Drotar said of the pair's relationship.
Perrault and Drotar say they are
tough taskmasters. According to
Drotar, the rehearsal rules were laid
out for the company at the beginning:
Any member who missed a session
would be kicked out. Drotar said the
troupe lost two people that way.
BUT THE TWO believe their
toughness is the only way to produce a
good show.
"I go through a lot of people because I
can't stand incompetency," Drotar
admitted. "I yell a lot."
Training for the students began with
a series of basic exercises known as
"isolation." Later the actors were
asked to improvise.
Both Drotar and Perrault stress body
movement and flexibility in their work.
"YOU HAVE TO work through the
body to get to the art," Perrault said.
"The body is your form of com-
munication. We use very few props."
Drotar and Perrault have similar
ideas of mime. They view the art as a
vehicle of expression that falls
somewhere between acting and dan-
cing. And although the study of mime
can be helpful for a student of acting or
dance, Perrault and Drotar see mime
as a separate entity, with its own place
in the world of performing arts.
"I don't think of mime as being very
experimental. It's pretty well-
established," Perrault said. "It's a
form of silent communication."
Added Drotar: "I consider mime an
art. I don't consider it clowning around.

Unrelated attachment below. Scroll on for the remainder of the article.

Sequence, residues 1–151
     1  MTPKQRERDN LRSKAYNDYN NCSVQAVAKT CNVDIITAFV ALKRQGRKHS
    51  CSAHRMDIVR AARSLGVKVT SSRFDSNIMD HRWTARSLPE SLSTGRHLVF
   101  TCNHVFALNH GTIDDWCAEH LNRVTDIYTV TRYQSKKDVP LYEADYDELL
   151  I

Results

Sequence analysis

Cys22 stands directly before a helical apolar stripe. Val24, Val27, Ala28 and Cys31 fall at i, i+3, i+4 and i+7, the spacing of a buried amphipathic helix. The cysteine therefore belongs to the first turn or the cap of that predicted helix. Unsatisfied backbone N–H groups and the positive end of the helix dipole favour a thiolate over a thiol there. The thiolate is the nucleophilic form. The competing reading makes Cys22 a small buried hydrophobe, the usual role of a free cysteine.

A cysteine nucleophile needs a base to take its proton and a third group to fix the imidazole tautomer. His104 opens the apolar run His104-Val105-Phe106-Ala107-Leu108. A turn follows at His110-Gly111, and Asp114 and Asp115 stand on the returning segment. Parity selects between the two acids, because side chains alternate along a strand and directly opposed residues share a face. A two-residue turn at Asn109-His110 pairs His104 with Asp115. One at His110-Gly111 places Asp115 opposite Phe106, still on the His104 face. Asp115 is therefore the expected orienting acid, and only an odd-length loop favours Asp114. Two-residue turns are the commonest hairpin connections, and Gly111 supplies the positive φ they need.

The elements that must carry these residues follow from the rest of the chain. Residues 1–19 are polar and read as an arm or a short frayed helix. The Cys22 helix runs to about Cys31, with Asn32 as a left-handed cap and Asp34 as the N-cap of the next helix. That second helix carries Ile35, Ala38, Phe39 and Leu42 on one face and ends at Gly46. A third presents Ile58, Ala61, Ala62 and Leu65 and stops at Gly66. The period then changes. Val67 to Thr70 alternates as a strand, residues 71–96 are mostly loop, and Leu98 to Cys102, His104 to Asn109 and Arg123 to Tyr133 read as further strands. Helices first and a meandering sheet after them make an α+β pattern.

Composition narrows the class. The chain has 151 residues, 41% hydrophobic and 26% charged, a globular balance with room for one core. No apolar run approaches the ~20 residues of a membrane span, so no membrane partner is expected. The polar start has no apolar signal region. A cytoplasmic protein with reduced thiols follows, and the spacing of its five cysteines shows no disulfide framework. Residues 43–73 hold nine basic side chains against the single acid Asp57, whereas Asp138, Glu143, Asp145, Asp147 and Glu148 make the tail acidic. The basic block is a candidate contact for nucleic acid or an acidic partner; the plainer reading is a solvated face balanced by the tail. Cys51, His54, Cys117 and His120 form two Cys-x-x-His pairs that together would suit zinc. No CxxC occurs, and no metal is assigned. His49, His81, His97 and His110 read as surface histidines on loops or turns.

It's a way of looking at the world. I am
not a clown. I may be a comedian, but
See SILENCE, Page 9

There's a lot going on in town this weekend. The following is a sam-
pling of the best events, according to our critics.
Performance Guide
To Have and Have Not-Lauren Bacall's current Broadway success in
Woman of the Year gives us an excuse to gush helplessly about her and, to a
slightly lesser extent, the film. Not-much-based on Hemingway, the movie is
crisp south-of-the-border espionage stuff: Snappy lines, a song stuck in here
and there, and vague politics. The real bang here comes every time Bacall,
in her first film, is on screen. In her autobiography she attributed the air of
tension to first-movie jitters, but it comes off as yelp-producing electricity.
The less she does, the more devastatingly funny and sexy she is - daring
anyone to rouse her from sleepy-eyed coolness. On screen, she amuses
Bogart more than any of his other leading ladies, and he's uncommonly.
relaxed. Friday, April 10, Hutchins Hall.
White Heat-Though coming ten or fifteen years after the first and best flush
of gangster melodramas, this 1949 thriller - the term really applies this
time - is harder than nails, meaner and better than the worst/best of them,'
James Cagney delivers THE James Cagney performance, snapping and
jumping around like a nasty little terrier with unexpected fangs. At the end
he goes boom, exploding an oil refinery into flames - by then, you'll be con
vinced that nothing less could possibly stop him. Saturday, April 11, MLB 3,
Carrie - Too bad the ending has become legendary - If somehow you've
been spared hearing about it, then you REALLY have to see Brian de
Palma's 85-percent-brilliant horror/satire/romance/everything. If not, oh
well, you may have missed one of the great momentary experiences in
American cinema, but you can still be terrified, mocked, seduced, and
abandoned by this wicked rewrite of Stephen King's what-happened-at-the-
high-school-prom novel. With Sissy Spacek as the ugly duckling with unique